Sifter’s portfolio management process is one of rejection. When only 30 companies from a pool of 65,000 candidates can be included, there is no room for error.
The majority of our screening work is performed by our proprietary Stocksifter suite, which rejects roughly 90% of the candidates available to us on the global stock market.
At this phase of the process, the most typical reason for being rejected is not meeting the Fund’s minimum market value requirement – meaning no companies with a market value of under 200 million USD – or being involved in an industry or sector of the market that has been excluded from Sifter’s portfolio.
Of the numerical criteria used to measure a company, the most stringent ones are related to their return on invested capital and indebtedness.
If a company wishes to pass this phase in Stocksifter and be brought before a human analyst, its return on invested capital must be at least 10% and its net debt/EBITDA ratio may be three at most.
The price of an individual stock is not the most important screening criterion:
Stocksifter ranks each potential investment target by price.
If Stocksifter is like a mean bouncer, Sifter’s portfolio managers are more akin to no-nonsense vehicle inspectors. But whereas a vehicle inspection is used to ensure that a car is fit for the road, our portfolio managers will not settle for the bare minimum.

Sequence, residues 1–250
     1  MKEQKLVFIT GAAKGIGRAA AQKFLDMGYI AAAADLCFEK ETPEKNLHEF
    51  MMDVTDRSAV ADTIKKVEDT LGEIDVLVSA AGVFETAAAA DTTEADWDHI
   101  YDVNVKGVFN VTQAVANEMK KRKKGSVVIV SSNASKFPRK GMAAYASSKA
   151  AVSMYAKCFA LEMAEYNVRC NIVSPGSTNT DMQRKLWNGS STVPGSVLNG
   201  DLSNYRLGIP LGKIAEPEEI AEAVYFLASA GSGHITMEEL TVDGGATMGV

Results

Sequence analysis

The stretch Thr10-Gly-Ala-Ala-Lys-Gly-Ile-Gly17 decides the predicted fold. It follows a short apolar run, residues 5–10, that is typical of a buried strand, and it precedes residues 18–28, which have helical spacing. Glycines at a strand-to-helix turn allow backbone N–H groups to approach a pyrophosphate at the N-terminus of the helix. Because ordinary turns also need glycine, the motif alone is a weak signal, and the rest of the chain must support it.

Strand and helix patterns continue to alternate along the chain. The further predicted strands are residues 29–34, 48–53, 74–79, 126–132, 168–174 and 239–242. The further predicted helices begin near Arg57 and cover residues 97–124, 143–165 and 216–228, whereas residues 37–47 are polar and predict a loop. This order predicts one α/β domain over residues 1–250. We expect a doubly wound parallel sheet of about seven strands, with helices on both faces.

Only the best investment opportunities will do.
Our analysts begin their investigative process by reading a brief description of the company.
If they find no indication that the company has any permanent competitive advantages, they will end the process then and there.
If a competitor can easily enter the same market, the company will be subjected to constant price competition, which will only squeeze its profit margins.
A company with no competitive edge is of no interest to Sifter.
If, on the basis of the description, it seems possible that the company does indeed possess some type of competitive advantage, our analyst will attempt to verify this by looking into the company’s past figures for the last five to ten years, for example.
Do they any contain promising signs of the profits and stability provided by a competitive advantage?
One good way to check is by looking into the figures from a more tumultuous time: how did the company perform during, say, the 2008 financial crisis?
One other key factor is the company’s ownership structure. This can help us ascertain whether a company’s shares are liquid enough and whether it has any major shareholders.
If the company has a major shareholder who also owns the company’s competitor, a significant client or an important vendor, we will not invest in it.
Sooner or later, this type of structure will lead to an unhealthy situation that will only serve to hinder the company.
Of the qualitative factors we employ, a surprising number of companies are also eliminated when it is determined that their top executives have not been around for a sufficiently long time.
A change in management is always a risk when it comes to ensuring the continuity of company. That is why we believe that a company’s top executives should spend a few years at the company before we can consider investing in it.
Our more subtle criteria include growth, for example.
When it comes to determining the growth of a company, we aren’t interested in just its earning statements – we want to know how it has grown.
For example, the Swedish access solutions conglomerate Assa Abloy seemed like potential investment target at first, but since the company had grown mainly by making a huge number of small acquisitions, we could no longer include it in Sifter’s portfolio.
The integration of an acquisition always includes risks: are there synergies to be found, can the corporate cultures of the acquirer and the acquiree be merged?
Business Analyst, Sifter Capital Ltd